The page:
In our spring issue, we asked three nurse leaders to retrace their career path and reflect on how they got to their current positions. In this issue, we follow another leader on the trail of success.
Art of my Craft
Dr. Patricia Petryshen
Dr. Patricia Petryshen was appointed Assistant Deputy Minister, Performance Management and Improvement Division, Ministry of Health Services, Government of British Columbia, effective January 1, 2004. For over eight years prior to that appointment, Dr. Petryshen was the Executive Vice-President of Programs, Hospital Relations and Chief Nursing Officer at St. Michael's Hospital in Toronto and has held several senior leadership positions in large teaching and community hospitals in Ontario. Dr. Petryshen holds a Doctorate in Epidemiology from the University of Western Ontario and a Master's in Nursing from University of British Columbia. She has published widely and has conducted funded research with a focus on evaluation of clinical outcomes. Dr. Petryshen has chaired provincial and national committees, boards, and professional associations and is a recognized leader and acknowledged expert in the field of healthcare and performance measurement.
The occasion of this article gave me an unexpected opportunity to reflect on how I entered nursing. One summer I was looking for employment, saw a posting for a nursing assistant in a home for the aged, applied, and got the job.
I had a wonderful experience; I still remember the residents and how satisfying I found the work to give them the best of care. Before this experience, it never occurred to me to become a nurse. But following that experience, I went into nursing because I had discovered within myself a real commitment to helping those in need. Over the years, I have never wavered from this conviction.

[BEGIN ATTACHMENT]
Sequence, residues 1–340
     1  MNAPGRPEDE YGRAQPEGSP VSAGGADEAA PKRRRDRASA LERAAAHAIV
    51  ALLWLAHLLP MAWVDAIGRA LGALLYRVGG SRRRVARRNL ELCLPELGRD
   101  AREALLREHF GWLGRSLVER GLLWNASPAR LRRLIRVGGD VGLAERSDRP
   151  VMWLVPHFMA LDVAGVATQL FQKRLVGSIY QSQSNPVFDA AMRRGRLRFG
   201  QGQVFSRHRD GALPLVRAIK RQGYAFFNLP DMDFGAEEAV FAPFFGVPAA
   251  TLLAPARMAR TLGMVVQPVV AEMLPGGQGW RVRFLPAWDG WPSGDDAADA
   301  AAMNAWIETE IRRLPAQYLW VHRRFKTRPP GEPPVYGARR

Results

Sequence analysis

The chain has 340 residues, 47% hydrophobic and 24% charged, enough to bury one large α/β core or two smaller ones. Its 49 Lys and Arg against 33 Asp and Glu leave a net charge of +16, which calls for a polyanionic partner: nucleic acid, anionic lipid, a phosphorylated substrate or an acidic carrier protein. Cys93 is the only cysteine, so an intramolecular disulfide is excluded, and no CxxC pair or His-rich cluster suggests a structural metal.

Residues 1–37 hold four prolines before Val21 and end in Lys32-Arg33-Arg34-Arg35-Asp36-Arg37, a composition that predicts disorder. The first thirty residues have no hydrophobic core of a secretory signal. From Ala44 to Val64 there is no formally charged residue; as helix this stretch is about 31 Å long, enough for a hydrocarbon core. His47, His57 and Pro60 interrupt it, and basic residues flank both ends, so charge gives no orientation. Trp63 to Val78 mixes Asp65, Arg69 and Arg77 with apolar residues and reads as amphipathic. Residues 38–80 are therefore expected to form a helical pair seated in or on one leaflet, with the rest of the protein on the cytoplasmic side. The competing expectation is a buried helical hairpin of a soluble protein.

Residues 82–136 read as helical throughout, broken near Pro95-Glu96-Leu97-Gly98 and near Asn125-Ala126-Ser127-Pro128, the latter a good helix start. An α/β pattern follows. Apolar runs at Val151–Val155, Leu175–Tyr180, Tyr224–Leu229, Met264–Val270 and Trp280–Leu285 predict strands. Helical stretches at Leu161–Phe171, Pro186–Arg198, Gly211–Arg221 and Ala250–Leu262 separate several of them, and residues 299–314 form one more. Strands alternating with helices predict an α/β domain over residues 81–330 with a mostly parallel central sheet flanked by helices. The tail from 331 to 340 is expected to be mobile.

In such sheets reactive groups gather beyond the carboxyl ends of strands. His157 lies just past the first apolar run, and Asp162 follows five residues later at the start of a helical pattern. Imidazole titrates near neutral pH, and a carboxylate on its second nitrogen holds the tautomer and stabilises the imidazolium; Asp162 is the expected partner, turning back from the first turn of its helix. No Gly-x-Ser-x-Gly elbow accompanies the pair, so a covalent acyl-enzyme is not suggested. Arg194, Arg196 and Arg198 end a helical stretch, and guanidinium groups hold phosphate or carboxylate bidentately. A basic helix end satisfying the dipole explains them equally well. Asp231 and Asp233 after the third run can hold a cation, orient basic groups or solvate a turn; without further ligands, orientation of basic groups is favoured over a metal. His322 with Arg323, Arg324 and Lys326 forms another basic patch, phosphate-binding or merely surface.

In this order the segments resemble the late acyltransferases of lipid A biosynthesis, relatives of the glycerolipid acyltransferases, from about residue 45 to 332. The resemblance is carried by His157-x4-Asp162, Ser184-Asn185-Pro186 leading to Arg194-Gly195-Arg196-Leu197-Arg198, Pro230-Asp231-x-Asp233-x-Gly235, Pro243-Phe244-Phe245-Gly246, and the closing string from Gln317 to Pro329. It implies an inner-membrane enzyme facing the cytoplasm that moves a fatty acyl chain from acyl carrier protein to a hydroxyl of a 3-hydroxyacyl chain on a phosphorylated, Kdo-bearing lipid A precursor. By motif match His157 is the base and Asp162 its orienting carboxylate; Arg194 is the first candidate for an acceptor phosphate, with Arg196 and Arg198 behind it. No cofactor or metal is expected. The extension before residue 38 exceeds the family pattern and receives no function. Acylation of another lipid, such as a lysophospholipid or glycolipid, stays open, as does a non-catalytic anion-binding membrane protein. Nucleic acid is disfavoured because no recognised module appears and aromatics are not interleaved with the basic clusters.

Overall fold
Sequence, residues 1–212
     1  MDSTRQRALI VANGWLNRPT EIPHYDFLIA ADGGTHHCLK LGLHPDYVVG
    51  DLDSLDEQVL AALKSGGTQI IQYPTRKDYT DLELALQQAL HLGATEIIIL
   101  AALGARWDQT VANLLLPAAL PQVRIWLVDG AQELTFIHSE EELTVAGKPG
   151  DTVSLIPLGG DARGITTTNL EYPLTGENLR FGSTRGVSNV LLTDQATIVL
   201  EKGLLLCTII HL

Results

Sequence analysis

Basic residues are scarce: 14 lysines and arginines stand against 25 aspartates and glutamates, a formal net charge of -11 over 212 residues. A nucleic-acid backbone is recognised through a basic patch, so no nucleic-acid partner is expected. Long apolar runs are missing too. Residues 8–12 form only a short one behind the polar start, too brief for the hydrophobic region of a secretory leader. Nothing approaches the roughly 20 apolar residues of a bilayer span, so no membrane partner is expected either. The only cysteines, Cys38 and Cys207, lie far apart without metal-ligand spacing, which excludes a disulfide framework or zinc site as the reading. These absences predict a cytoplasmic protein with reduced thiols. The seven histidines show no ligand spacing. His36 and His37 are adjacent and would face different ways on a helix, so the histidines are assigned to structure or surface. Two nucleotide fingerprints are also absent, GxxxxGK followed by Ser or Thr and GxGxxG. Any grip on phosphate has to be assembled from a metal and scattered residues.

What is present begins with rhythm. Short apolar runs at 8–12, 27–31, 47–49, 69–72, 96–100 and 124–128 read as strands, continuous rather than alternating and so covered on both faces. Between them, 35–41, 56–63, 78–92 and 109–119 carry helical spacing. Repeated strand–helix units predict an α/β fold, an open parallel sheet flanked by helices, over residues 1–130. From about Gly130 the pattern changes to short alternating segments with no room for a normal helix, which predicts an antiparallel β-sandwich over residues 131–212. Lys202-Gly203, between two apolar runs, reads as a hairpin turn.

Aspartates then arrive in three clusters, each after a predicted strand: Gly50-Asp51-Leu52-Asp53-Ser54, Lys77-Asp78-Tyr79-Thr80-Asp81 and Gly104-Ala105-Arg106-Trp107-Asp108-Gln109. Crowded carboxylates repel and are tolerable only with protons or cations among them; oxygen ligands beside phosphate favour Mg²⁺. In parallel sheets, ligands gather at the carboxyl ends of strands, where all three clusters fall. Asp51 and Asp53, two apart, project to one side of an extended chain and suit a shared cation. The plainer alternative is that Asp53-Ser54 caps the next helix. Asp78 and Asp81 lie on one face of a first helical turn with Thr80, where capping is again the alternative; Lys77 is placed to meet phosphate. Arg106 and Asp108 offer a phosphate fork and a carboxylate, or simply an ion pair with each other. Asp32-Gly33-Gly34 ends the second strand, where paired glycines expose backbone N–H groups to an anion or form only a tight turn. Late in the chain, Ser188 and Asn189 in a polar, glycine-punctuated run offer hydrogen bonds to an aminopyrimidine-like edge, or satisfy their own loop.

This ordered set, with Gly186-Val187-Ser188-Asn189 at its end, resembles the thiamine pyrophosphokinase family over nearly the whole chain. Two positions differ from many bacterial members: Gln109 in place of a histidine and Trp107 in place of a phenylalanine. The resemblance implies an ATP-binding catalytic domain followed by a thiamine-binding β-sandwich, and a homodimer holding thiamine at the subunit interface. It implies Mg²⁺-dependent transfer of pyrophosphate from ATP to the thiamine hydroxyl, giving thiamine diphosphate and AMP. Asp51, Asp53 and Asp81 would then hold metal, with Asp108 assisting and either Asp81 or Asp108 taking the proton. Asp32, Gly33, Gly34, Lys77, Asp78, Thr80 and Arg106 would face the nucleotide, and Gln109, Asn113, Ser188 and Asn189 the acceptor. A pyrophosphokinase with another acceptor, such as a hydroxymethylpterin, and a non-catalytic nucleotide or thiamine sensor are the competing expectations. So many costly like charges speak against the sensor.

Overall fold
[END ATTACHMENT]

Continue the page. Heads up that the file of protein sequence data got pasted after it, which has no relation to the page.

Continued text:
Throughout my career, I have been very fortunate to be involved in all aspects of healthcare from clinical practice and administration to teaching and research. The pivotal decision, I believe, was my choice to pursue advanced education early in my career. I entered the nursing degree program and went directly on to complete a master's in nursing and then a few years later entered a PhD program in epidemiology.
The highlight of my career has been my current appointment as Assistant Deputy Minister, Performance Management and Improvement Division, Government of British Columbia. As ADM, I am responsible for clearly defining the responsibilities of the Ministry of Health Services and Health Authorities in performance management, developing and negotiating performance expectations for health authorities and advancing system improvement. This position draws upon my combination of training, knowledge and experience to enhance the health and wellness of thousands of people of all ages and from all cultures who seek services from the BC health system.
For me, the choice to be a healthcare professional has been endlessly challenging and profoundly satisfying. I know that my professional success is a collaborative achievement, and that I owe thanks daily to my many mentors along the way. I have been privileged to benefit from working with many outstanding colleagues and teams of expert professionals. They have been wonderful. Often, however, my most profound lessons have been learned from individual patients and families who have allowed me to care for them and share a part of their lives.
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